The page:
Cover Story

Author: Kirsten K., Books, Fine Art, Literature, The Arts

Neither Kirsti nor I has posted anything for The Swoon Society in more than two months due to, among other things, a number of milestone birthdays in our circle of family and friends, a graduation, out-of-town guests, an overscheduled social calendar (Kirsti), general laziness (me), and simple inertia—a blog at rest tends to stay at rest. But I am suspending this spontaneous sabbatical to celebrate the birthday of someone who literally turned swooning into an art form: romance cover illustrator Elaine Duillo.

Classic cover art collection or cry for help – my chronic case of “Elainia.”

Before retiring in 2003 from an illustrious (emphasis on lust) 44-year career, Elaine’s artwork graced more than 1,000 book covers, ranging from science fiction and mysteries to Gothics and—most notably—romance. I discovered her cover art as a teen, when I developed an interest in historical romantic fiction while babysitting, of all things. Some mothers would leave their books lying around the house and I’d read them to pass the time while the kids slept. Among titles by authors such as Shirlee Busbee, Johanna Lindsey, Christina Skye, and Bertrice Small, I noticed that certain covers were particularly eye-catching, with vibrant colors, incredible detail, beautiful period clothing, and scenes from the story playing out in the periphery around a couple in a classic “clinch” pose.

A sampling of Elaine Duillo’s hair-oines.

Whenever I came across this singular style, I’d flip to the back of the title page to see the words “Cover art by Elaine Duillo.” If there was no attribution, a quick scan for her swirling signature hidden within the painting would confirm the identity of the artist. And the original was an actual painting, despite the fact that her photoreal style could almost fool the eye into thinking it was an embellished photograph.

In the mid-1980s, Elaine hired an Italian fashion model named Fabio Lanzoni to pose for one of her illustrations and launched him into superstardom as a romance cover model. After that, her covers were in high demand, but—while their prolific partnership was a huge success—I was more likely to swoon over the flawless features, gorgeous gowns, daring décolletage, and down-to-there hair of her heroines.* Forget the hunky hero, I wanted to be one of these bombshells. While my friends were looking to the covers of Seventeen, Vogue, and Harper’s Bazaar for their unrealistic beauty standards, I was looking to the covers of Angel in Scarlet, Defy Not the Heart, and Hellion (one of my favorite Duillo illustrations, with no bare-chested beefcake in sight).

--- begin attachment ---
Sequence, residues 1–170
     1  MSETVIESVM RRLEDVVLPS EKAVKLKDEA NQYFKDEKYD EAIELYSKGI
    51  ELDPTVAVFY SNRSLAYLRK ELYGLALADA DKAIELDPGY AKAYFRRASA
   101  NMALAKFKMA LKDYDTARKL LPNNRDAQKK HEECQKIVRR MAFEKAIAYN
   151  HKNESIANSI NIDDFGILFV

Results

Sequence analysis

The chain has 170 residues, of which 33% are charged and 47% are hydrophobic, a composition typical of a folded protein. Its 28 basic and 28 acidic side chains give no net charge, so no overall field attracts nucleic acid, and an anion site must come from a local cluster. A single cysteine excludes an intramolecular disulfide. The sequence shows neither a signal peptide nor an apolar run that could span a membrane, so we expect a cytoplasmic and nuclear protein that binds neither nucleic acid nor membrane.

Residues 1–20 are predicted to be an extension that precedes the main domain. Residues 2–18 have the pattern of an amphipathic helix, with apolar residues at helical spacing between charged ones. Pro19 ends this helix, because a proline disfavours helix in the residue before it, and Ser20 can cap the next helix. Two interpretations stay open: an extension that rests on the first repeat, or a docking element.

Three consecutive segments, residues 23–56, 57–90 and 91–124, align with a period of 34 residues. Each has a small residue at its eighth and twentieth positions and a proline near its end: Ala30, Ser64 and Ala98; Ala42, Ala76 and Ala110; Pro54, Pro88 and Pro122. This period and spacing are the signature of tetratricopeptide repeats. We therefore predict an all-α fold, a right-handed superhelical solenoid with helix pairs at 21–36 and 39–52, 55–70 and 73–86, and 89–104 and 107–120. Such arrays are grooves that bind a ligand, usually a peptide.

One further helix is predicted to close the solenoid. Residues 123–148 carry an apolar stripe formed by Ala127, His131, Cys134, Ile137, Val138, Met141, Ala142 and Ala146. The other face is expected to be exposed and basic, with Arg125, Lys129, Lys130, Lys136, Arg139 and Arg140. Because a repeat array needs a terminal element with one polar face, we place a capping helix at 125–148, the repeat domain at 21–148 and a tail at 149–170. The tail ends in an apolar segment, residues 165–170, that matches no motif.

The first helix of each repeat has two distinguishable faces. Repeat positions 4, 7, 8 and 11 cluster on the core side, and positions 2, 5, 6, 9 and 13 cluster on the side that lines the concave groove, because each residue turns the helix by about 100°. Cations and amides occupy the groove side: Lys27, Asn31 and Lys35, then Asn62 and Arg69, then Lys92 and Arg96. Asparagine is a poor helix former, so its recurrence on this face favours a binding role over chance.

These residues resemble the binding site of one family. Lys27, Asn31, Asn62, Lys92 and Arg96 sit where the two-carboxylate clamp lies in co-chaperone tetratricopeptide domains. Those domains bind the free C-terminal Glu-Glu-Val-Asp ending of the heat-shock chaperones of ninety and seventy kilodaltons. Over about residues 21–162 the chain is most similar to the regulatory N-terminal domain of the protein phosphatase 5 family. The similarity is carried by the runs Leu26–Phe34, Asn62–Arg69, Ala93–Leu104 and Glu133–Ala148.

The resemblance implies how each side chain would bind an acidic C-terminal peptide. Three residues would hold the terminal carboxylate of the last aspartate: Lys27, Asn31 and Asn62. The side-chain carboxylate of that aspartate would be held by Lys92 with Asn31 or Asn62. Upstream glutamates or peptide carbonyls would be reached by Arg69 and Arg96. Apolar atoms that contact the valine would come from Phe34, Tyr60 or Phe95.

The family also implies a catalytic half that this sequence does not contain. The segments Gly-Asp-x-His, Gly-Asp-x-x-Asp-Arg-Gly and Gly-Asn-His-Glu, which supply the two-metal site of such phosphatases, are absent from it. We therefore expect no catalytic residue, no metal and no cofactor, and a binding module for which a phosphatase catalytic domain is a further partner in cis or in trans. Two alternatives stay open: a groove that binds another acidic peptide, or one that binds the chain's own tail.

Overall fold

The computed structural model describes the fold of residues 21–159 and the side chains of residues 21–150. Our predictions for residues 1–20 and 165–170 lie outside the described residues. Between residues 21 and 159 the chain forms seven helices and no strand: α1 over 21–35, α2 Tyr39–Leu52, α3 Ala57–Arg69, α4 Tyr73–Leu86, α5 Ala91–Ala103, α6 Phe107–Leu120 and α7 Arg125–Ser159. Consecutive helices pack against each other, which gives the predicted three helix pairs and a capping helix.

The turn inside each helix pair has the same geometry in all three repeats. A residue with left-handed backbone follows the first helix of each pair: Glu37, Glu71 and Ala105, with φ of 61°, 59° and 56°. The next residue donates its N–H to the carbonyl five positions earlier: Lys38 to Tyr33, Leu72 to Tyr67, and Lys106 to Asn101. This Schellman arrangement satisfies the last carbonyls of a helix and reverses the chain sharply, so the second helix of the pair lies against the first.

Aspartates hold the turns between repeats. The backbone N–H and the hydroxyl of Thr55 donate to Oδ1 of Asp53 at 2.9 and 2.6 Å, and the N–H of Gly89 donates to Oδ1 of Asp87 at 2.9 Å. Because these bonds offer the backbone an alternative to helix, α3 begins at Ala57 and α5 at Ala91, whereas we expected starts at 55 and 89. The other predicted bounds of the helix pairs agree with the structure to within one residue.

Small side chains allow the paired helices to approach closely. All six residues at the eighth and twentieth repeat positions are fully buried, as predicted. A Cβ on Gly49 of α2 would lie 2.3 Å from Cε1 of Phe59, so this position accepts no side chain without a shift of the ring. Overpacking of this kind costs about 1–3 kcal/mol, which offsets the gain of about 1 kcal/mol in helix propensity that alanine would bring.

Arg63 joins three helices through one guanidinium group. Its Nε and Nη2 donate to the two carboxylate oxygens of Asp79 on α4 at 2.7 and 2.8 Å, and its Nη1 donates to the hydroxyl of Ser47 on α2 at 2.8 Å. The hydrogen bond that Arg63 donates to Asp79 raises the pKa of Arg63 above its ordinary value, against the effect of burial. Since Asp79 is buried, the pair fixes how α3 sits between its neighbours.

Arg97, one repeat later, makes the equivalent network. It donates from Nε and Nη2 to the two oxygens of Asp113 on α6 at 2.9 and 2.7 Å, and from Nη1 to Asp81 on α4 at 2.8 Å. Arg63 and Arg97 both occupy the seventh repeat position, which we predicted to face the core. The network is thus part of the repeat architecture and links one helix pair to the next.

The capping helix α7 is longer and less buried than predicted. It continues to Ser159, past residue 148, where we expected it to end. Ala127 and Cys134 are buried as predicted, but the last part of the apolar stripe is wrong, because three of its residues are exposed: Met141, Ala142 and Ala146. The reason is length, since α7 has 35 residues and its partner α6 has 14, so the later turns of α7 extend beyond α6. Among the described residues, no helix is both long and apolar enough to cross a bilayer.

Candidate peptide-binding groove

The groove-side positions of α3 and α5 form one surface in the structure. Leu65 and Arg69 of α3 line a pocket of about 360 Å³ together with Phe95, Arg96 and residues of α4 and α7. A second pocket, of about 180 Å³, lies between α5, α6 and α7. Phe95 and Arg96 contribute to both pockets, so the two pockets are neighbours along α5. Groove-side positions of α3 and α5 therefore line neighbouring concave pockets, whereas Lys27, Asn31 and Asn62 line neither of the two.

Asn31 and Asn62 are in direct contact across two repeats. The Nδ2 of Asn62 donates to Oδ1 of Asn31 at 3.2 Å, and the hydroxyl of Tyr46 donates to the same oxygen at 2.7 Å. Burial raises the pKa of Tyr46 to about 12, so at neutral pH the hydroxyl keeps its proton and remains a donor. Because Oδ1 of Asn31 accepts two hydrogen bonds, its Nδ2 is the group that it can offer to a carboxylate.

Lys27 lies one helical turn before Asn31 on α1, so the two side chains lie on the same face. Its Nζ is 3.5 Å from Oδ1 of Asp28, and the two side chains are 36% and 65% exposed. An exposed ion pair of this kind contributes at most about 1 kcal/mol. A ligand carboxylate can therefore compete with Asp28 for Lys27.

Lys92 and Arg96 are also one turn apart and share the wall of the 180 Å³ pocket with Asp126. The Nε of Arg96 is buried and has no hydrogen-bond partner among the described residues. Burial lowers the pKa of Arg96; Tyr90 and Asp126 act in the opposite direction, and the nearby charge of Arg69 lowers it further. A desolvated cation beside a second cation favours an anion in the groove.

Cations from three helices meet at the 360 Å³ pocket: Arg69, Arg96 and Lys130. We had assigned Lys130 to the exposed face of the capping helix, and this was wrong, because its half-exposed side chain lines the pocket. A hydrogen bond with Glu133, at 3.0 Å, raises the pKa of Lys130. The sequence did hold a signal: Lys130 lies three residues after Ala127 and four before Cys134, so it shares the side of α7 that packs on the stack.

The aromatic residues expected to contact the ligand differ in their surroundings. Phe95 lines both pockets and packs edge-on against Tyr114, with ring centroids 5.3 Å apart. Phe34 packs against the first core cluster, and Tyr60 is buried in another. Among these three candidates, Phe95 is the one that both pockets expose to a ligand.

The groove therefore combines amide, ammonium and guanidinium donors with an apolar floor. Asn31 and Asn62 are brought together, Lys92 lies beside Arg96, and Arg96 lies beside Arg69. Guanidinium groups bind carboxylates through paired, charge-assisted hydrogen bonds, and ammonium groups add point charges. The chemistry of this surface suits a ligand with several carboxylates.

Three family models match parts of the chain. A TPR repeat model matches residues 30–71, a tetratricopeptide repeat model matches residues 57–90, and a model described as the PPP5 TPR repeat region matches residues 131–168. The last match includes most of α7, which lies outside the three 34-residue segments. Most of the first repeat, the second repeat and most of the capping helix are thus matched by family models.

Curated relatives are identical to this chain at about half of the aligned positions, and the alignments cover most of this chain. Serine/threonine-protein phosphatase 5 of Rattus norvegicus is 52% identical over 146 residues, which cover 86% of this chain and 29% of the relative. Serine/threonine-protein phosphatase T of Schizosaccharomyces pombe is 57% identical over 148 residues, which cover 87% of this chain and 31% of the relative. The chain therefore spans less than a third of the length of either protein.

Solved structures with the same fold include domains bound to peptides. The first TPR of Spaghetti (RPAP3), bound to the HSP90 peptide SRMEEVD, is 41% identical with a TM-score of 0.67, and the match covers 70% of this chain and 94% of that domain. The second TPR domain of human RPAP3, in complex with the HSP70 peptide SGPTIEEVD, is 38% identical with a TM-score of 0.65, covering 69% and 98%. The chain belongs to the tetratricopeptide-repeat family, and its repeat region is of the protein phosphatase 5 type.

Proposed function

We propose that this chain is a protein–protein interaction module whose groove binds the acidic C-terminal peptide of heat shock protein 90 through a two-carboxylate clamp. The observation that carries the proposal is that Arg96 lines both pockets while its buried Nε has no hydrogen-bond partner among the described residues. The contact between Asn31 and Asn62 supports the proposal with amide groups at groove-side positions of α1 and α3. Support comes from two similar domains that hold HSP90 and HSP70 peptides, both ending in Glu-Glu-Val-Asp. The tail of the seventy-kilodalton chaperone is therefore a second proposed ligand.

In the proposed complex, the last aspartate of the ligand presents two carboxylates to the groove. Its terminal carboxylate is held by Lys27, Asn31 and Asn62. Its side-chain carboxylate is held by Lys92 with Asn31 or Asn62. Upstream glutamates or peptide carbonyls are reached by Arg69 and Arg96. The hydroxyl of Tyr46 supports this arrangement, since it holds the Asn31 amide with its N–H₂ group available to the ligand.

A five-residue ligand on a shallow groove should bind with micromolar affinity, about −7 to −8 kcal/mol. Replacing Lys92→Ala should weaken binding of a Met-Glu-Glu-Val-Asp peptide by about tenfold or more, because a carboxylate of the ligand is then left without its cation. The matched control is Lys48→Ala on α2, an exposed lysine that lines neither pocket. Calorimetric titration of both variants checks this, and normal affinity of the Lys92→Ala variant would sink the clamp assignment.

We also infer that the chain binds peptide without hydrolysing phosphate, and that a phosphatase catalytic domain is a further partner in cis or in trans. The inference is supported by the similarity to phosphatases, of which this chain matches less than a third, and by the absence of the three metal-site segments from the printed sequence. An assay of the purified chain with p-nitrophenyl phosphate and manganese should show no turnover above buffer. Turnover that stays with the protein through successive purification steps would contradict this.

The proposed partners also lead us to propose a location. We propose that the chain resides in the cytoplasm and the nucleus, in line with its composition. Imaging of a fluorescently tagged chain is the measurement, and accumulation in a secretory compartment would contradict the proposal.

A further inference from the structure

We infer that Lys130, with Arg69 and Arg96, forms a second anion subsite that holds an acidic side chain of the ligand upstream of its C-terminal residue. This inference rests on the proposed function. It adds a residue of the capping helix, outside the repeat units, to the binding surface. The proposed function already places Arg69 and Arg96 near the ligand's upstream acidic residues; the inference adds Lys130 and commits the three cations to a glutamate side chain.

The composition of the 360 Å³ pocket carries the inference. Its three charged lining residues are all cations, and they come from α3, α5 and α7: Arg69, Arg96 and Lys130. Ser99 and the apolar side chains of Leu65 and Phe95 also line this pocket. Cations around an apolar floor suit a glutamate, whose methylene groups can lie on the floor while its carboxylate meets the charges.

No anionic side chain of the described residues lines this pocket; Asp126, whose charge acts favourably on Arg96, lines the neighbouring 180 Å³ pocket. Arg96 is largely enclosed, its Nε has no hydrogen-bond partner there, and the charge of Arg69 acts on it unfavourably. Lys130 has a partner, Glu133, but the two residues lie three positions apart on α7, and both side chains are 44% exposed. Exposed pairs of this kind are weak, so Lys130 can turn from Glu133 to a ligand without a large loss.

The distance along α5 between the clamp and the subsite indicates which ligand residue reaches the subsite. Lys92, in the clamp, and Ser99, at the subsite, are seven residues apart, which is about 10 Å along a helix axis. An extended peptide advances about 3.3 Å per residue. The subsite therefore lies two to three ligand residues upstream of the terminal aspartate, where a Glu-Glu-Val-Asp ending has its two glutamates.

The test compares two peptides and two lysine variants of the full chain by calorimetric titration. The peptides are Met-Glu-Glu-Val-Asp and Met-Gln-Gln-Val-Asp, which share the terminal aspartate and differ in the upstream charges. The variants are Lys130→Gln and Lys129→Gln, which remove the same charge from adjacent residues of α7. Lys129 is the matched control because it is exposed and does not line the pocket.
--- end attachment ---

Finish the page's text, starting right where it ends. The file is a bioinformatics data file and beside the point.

Shortly after college, I got a job at a romance audiobook company, which had recently moved into new, spartan offices. I’d read that Elaine Duillo was offering some of her romance covers for sale as posters, so when I saw her contact information in our Rolodex (squee!), I wrote to her. After introducing myself and fangirling a bit, I explained our situation and joked, “We’re looking at bare walls when we’d rather be looking at bare chests.” She responded with a sweet note and an order form featuring four of her illustrations. We didn’t end up buying any of her art for the office, but I later managed to score a promotional Johanna Lindsey poster featuring one of Elaine’s paintings surrounded by several of her covers.

While I viewed many of these types of illustrations (including works by Robert McGinnis and Pino Daeni) as fine art, I also enjoyed the over-the-top campiness of others, but some readers were embarrassed to be seen in public with these books, so publishers came up with the “step-back”: an innocuous front cover that could be turned back to reveal the passionate pose beneath. Eventually, changing tastes in the industry led to the evolution of cover art away from the kind of fanciful and lushly romantic images for which artists like Elaine Duillo were known.